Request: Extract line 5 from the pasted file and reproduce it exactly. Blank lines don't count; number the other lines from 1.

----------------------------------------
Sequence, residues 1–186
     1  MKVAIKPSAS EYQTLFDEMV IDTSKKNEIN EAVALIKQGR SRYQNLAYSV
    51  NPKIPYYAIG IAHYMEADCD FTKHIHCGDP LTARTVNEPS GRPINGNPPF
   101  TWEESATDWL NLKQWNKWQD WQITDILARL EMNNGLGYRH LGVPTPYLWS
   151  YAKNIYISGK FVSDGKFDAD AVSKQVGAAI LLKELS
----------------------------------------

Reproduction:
   151  YAKNIYISGK FVSDGKFDAD AVSKQVGAAI LLKELS